Frustration with online datasets

I find it frustrating when a website locks up a dataset behind a query-based searchbox. It makes sense only when the data are proprietary, and then only if the developer applies sufficient security precautions to prevent mass downloads.

To be clear, when you provide a dataset a .txt or .pdf file is excellent for human eyes to read, but a .pdf requires OCR analysis to extract the data that the developer already had in a perfectly good database.

I find that a pipe-delimited .csv file is the simplest format to receive data. For my websites, for example, a cemetery burial list of perhaps 5000 persons by last name, given names and other details can easily be added to a compilation of many cemeteries, where a person can go and look to learn that Uncle Joe died in Montana and was buried there. The researcher wouldn’t already know which cemetery website to visit. Let the cemetery run the cemetery and the cemetery website, and let me and other web developers download the burial lists and compile them into big databases which search engines will crawl.

It makes sense to trap the data behind a query-based search box only if they are proprietary, in which case, the query-based search box approach is useless to protect the data unless there are sufficient safeguards. Some give the whole dataset when the end-user simply hits the SEARCH button without entering any search terms.

When the data are public, it is best to provide one link to download a simple .txt file or .pdf file for human eyes, and another link to download the same data as a pipe-delimited .csv file for anybody who wants the whole dataset. A search box can help humans who want specific records, but remember that a Google-based search box will yield only the results that are crawled and indexed by Google. News media should provide a table of contents by the date the story ran.

You… do know what the “c” in csv stands for, right?

They’ve got it in big databases.

That’s… not what a query based search box is for. The query based search box is for if you want the list of burials for Rose Hill cemetery, where there’s 250 people buried, you dont need to pull a dataset of 250,000,000 records from across the country, and load down the server with your request for data you dont want.

Or copyrighted, or privacy restricted (which is not the same as proprietary), or the data is updated constantly (people do make mistakes in data entry ALL THE TIME).

Or just the fact that they want people to come to their sites, not just come swipe a buttload of data then leave to never come back.

The information may well be in the public domain, but that doesn’t mean the database is. In examples like the one you mention, often it has taken hundreds of volunteers hundreds of hours to compile the database, so they won’t feel inclined to give away the whole caboodle.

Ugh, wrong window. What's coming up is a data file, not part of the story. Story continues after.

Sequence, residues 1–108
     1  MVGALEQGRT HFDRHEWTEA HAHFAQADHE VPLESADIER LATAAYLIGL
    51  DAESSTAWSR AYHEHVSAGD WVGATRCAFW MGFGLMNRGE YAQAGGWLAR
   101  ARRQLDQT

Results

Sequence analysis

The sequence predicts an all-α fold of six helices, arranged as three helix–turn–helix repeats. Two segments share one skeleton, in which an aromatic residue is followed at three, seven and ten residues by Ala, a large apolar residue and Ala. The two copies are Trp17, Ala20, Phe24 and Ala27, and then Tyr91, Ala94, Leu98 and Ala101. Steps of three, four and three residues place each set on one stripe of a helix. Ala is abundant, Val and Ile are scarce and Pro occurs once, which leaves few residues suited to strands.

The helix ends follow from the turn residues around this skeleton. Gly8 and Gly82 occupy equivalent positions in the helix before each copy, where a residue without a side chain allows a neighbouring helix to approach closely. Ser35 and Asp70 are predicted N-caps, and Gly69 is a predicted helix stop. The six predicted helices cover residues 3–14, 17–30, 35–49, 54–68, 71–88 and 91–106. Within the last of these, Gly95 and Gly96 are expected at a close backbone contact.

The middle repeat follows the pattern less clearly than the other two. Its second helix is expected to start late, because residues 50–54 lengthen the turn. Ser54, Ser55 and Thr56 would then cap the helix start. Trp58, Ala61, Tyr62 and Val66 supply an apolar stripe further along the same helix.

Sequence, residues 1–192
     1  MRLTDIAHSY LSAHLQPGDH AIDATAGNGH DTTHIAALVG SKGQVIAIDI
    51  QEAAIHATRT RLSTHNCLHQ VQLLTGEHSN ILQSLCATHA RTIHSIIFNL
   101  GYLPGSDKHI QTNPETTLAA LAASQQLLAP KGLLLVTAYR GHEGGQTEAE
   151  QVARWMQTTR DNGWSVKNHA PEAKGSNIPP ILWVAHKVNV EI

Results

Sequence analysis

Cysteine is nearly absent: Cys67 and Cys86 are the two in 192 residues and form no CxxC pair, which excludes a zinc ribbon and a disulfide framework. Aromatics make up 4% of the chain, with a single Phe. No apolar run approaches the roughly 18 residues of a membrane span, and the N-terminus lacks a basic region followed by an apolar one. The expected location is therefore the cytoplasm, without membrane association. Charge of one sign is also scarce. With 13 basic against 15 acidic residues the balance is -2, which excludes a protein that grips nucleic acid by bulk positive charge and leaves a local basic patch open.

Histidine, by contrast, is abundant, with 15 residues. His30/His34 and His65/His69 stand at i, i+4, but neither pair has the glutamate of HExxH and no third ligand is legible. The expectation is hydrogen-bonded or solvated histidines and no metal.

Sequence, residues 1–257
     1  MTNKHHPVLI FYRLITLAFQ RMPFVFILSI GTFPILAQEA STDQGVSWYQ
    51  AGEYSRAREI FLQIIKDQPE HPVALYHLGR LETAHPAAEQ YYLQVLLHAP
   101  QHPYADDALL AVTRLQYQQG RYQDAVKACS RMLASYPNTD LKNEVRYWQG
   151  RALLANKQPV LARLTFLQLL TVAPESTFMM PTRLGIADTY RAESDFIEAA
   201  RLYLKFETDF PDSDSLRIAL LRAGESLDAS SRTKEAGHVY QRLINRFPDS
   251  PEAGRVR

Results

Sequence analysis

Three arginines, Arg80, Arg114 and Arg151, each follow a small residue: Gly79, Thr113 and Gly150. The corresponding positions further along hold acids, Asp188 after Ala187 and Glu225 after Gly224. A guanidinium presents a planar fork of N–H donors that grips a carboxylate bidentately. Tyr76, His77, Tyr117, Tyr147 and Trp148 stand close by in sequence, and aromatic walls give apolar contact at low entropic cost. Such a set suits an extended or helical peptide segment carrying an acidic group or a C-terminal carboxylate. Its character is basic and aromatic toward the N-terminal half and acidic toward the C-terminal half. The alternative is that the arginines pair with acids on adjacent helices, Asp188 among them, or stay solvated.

Wtf…. You want to tell us that not everything is for free we find in the net? Incredible :smiley:


That’s what they call it, just like “aluminum angle iron” in construction.

Well, no… they call a Pipe-Separated Values file a PSV… and a Comma-Separated Values file a CSV. And a Tab separated values file a TSV, and…

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Well in Python I use an import called csv.reader and I can specify the delimiter if it ain’t a comma.

By the way, this post is just so developers will think about not only the visitor who needs the nearest agent but also the visitor who wants the whole list of agents; there are of course reasons not to make it easy to download the whole thing but also there are developers who never imagined somebody would want to download the whole thing.

Gonna be honest, basically no developer is going to think about someone wanting to download their data unless they are specifically making a dataset for distribution. In fact, most websites put info in their terms of service PROHIBITING you from doing that…


Off topic:

At least one UK government department doesn’t. They require data uploaded as a .csv file which is pipe-separated. :upside_down_face:

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csv has kind of become the “standard” short name for any delimited file, especially with government agencies. Way too often do I hear “I need a csv file. Can you separate it by the pipe symbol?”


My “csv” files are delimited by a carat ^ (carat separated!) :biggrin:

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I love to separate the fields with the letter “c” (“c” separated values) :tada:

My users aren’t amused. I don’t know why.


I mean, if we had settled on DSV (Delimiter Seperated Values), the world would have been simpler. But, such is not history.

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This is the same government that freely share their data by leaving it on the train? :biggrin:

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PDF files are entirely printable characters, where printable characters include carriage returns and line feeds. Data in PDF files such as images are encoded using printable characters. Some documents seem to attempt to disable copying but normally text data in PDF files are text.

There are many things that websites (the people) do that I wish I could change. Such as, I think they should not call tracking (available as a built-in feature in most browsers) ad-blocking (something we must use an extension to get).

Then it must have “Bugs”… as in Bugs Bunny that is. :smiley:


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